Newport Beach residents Donald and Joan Damask have been traveling and collecting unique pieces of clothing, jewelry and fashion books for years, amassing and creating a collection that is both diverse and worldly.
Fashion Institute of Design and Merchandising Curator Kevin Jones met the Damasks at an event and was invited to their home to see the collection.
“I went and said this is incredible!” Jones told me. “A lot of passion and care went into the selection of the things that they had acquired. A lot of it is world dress, and contemporary dress, and historic photography and literature, all high aesthetics and international in scope, which makes it interesting. Their collection is so highly refined—they did not mean for it to be a museum collection, but that’s what it has turned out to be.”
The Damasks have donated over 75 pieces of vintage clothing, world dress, seminal photographs, sketches, books, and theatrical designs to the FIDM Museum in Irvine.
“We decided to donate our beloved collections to the FIDM Museum because it was time to share them with other people,” said the Damasks in a statement. “We got great enjoyment out of collecting and we want people to feel the same kind of excitement. Through these collections, we are sharing knowledge.”
The Orange County exhibition features 10 garments selected and arranged by lead curator Christina Johnson, including a circa 1900 Chinese raincoat made from grass, a 1955 Claire McCardell dress, and hand-carved ivory cuff by Elsa Peretti for Halston from 1971.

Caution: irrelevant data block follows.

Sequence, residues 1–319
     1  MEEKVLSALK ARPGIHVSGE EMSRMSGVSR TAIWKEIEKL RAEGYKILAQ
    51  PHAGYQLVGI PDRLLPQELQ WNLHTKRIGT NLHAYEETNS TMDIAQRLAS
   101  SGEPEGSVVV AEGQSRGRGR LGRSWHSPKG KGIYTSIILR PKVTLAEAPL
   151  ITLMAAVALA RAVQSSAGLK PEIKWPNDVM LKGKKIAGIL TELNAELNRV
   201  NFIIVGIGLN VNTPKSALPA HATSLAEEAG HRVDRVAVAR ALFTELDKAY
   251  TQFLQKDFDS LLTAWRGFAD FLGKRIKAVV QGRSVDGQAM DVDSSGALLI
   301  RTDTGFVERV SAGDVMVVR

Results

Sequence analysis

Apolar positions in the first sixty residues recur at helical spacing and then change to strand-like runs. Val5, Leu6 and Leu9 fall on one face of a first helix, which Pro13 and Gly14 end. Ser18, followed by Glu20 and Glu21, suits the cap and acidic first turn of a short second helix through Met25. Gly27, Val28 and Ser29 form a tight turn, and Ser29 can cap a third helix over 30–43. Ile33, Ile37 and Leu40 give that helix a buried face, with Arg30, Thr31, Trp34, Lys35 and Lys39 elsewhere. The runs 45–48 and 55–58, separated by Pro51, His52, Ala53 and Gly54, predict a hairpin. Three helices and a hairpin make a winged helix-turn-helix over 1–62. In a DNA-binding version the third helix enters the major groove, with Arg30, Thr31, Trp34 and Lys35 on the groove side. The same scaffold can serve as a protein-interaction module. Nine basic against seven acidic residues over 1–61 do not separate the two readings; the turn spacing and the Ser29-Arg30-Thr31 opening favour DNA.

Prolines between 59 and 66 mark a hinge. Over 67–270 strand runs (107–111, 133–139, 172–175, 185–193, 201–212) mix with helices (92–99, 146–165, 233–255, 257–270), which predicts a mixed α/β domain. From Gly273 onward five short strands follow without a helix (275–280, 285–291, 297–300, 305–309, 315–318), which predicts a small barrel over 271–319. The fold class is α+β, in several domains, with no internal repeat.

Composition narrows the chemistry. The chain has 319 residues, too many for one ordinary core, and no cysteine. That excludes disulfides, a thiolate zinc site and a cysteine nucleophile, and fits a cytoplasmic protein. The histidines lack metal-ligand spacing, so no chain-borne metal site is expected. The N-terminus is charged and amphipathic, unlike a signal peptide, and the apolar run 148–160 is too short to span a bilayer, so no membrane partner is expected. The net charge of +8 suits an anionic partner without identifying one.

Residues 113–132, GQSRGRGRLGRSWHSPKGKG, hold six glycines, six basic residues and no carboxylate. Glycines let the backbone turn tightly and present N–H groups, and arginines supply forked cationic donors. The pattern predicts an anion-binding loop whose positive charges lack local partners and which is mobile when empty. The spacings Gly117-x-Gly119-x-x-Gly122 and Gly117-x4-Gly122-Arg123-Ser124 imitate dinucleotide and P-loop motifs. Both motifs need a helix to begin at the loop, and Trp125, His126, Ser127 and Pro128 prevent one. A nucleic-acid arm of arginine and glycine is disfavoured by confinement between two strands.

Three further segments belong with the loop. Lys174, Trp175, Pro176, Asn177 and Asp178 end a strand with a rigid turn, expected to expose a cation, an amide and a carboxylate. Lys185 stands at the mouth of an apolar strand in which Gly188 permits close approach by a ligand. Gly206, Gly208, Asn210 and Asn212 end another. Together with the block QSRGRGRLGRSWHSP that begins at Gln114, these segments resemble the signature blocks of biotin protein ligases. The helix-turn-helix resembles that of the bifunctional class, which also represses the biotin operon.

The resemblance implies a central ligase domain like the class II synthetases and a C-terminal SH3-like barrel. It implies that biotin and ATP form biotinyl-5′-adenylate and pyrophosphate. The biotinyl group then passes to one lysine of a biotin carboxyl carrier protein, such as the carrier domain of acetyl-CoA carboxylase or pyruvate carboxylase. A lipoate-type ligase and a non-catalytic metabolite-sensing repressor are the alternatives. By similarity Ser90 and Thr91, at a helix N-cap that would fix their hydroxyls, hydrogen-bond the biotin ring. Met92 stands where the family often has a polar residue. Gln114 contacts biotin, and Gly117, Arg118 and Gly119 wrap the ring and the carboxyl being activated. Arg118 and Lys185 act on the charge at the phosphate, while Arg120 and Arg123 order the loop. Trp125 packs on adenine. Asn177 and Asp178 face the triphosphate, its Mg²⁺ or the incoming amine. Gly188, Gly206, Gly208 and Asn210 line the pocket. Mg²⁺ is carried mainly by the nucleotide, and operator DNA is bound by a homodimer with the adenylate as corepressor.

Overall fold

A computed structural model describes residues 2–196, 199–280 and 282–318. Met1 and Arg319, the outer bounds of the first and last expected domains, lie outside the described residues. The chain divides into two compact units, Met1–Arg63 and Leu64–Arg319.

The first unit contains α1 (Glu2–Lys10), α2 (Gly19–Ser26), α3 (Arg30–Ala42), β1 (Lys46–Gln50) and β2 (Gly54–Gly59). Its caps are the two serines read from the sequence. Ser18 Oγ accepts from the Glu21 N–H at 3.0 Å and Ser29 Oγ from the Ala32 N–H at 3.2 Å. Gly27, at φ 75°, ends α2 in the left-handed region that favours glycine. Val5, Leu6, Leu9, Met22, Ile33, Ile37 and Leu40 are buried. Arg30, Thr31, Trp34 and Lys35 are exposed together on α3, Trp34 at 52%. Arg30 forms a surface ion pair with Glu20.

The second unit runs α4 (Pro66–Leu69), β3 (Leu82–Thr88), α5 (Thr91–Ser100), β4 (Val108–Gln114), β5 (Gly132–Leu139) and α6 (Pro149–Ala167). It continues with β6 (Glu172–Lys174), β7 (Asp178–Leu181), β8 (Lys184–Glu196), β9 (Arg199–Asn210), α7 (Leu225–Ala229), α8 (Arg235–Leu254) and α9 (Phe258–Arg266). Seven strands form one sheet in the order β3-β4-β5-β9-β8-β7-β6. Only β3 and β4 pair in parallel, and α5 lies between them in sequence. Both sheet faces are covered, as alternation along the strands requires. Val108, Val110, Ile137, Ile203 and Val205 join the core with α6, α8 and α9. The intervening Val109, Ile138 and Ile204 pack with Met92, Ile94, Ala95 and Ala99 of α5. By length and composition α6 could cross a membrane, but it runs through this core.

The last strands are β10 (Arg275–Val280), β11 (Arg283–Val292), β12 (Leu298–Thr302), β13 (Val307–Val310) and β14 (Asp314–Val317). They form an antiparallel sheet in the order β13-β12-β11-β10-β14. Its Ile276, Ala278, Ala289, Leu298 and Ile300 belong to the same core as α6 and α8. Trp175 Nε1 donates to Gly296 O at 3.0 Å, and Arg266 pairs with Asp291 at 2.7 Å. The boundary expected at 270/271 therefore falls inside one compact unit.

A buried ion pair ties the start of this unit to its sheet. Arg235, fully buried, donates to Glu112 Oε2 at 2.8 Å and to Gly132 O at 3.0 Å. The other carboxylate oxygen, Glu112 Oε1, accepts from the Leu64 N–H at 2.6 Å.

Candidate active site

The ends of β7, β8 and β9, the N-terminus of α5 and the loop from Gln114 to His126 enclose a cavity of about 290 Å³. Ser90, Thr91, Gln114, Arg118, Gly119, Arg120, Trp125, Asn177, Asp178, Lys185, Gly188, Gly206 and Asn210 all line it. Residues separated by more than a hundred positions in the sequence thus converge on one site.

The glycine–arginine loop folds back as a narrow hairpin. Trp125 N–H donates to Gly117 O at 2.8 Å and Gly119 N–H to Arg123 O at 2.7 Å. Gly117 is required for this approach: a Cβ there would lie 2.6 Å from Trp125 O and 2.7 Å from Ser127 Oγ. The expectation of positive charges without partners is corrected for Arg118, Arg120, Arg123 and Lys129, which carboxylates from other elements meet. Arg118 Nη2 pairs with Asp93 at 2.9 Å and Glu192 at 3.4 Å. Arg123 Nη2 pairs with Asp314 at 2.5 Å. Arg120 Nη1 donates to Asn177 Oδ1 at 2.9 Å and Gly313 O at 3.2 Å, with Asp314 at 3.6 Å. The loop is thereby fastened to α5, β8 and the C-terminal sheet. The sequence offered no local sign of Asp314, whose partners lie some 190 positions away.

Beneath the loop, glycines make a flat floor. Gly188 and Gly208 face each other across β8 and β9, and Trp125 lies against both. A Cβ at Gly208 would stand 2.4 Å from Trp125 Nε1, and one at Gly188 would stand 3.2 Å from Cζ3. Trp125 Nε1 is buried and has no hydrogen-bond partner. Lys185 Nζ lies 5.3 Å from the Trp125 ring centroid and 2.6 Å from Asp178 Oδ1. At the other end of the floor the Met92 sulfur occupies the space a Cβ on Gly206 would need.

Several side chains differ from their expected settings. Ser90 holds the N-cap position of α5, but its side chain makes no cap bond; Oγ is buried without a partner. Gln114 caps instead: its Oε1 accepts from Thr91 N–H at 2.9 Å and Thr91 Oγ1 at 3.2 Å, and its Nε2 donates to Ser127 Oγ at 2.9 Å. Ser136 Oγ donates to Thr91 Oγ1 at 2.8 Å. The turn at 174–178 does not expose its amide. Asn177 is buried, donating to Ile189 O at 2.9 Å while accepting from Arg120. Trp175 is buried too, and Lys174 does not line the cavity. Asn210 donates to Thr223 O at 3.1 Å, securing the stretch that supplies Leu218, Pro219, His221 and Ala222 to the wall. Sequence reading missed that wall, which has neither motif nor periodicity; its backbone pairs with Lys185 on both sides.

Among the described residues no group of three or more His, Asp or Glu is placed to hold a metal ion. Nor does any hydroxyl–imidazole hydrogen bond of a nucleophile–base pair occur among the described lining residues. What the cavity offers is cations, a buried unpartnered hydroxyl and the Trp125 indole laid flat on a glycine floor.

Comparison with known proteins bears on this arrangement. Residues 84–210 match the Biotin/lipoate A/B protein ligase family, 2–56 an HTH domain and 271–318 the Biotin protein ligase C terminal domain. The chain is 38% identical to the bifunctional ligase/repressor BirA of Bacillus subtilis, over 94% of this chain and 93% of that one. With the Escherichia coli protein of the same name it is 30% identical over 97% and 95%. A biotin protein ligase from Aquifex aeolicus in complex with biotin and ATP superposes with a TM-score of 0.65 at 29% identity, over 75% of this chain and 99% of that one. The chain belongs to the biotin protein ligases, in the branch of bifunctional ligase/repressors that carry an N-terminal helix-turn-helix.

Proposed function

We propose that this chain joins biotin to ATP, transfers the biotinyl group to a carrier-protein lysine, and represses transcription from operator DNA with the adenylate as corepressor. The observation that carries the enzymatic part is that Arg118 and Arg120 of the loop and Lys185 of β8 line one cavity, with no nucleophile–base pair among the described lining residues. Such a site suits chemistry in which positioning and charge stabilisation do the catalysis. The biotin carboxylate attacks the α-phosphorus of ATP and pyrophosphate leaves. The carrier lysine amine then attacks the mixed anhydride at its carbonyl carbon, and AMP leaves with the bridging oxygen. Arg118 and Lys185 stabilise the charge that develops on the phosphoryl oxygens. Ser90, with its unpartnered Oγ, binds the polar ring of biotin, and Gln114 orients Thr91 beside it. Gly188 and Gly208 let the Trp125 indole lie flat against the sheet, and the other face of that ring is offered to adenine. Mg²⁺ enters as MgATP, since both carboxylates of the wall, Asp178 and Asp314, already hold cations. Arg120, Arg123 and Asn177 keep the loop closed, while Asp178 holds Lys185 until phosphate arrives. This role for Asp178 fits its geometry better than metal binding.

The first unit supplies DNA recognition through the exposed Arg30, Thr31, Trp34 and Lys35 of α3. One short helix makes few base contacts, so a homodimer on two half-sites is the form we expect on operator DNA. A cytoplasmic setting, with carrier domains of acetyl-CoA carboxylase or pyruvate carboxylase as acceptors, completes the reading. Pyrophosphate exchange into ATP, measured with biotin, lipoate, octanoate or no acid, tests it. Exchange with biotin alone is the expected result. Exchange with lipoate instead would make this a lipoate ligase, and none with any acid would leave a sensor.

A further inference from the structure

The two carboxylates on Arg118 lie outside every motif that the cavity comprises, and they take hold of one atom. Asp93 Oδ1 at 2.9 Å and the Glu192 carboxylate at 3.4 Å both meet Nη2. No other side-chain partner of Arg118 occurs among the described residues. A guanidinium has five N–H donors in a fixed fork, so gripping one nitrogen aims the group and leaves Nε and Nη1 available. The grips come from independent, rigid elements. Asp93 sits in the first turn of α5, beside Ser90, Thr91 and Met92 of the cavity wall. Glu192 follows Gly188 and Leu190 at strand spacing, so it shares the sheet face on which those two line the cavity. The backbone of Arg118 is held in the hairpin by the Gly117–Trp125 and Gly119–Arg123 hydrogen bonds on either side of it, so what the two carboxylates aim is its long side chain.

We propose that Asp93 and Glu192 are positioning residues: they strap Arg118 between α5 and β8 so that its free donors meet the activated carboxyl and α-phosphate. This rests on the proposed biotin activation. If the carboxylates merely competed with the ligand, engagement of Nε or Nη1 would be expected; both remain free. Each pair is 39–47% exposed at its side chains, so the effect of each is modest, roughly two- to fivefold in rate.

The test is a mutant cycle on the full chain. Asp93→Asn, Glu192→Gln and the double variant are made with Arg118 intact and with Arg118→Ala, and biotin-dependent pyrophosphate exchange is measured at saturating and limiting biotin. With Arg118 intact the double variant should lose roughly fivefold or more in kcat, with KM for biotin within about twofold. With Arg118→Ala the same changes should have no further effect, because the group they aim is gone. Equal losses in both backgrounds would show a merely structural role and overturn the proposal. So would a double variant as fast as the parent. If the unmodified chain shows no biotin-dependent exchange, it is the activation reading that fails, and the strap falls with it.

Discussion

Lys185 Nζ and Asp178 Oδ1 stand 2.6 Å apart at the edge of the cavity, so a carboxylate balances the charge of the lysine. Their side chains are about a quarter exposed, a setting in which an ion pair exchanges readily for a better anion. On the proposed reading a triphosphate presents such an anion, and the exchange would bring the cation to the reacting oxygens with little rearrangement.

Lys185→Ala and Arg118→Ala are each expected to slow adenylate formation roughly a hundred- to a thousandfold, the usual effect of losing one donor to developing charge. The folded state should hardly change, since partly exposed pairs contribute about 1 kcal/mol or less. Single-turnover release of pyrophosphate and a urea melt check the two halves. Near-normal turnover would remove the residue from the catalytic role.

“I wanted to show visually dynamic pieces that still worked well together. The pieces are all different and span the eras but still have connecting components,” says Johnson.
I was impressed by the old Chinese raincoat, which must have been woven repeatedly to be able to create a garment that withstood the rain. It’s in near-perfect condition and even has the matching hat.
Another favorite piece was the hand-carved ivory cuff that sits next to a 1970s fashion magazine featuring models wearing the actual bracelet, which was designed around each models actual wrist size.
“I teach fashion forecasting at FIDM, and this is an opportunity for my students to see these pieces which you cannot see anywhere else,” said Mima Ransom, chair of the Fashion Council, the fundraising arm of FIDM. “To have students exposed to this is wonderful. The students see the stitches, the fabrications that do not exist anymore.”
Ransom said the Fashion Council is currently trying to raise more than $2 million to purchase the Larson Collection, which numbers more than 1,000 pieces of clothing and accessories, some dating back to the 1500s.
To find out more about the FIDM museum and view the Damask collection (on view through November 1), visit FIDMMuseum.org or call (949) 851-6200 to make an appointment to visit the museum, which is open to the public Monday through Friday from 10 a.m. to 5 p.m. by appointment only.